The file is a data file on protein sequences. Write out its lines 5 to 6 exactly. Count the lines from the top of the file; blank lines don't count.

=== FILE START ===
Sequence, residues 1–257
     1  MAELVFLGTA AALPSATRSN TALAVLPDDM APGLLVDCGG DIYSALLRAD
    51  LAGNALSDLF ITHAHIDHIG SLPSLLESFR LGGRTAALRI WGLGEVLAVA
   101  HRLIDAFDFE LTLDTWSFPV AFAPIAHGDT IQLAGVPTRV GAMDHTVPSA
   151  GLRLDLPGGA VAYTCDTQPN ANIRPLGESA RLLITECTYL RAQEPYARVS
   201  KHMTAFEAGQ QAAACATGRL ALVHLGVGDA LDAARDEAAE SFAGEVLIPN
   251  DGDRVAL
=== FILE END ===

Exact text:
   151  GLRLDLPGGA VAYTCDTQPN ANIRPLGESA RLLITECTYL RAQEPYARVS
   201  KHMTAFEAGQ QAAACATGRL ALVHLGVGDA LDAARDEAAE SFAGEVLIPN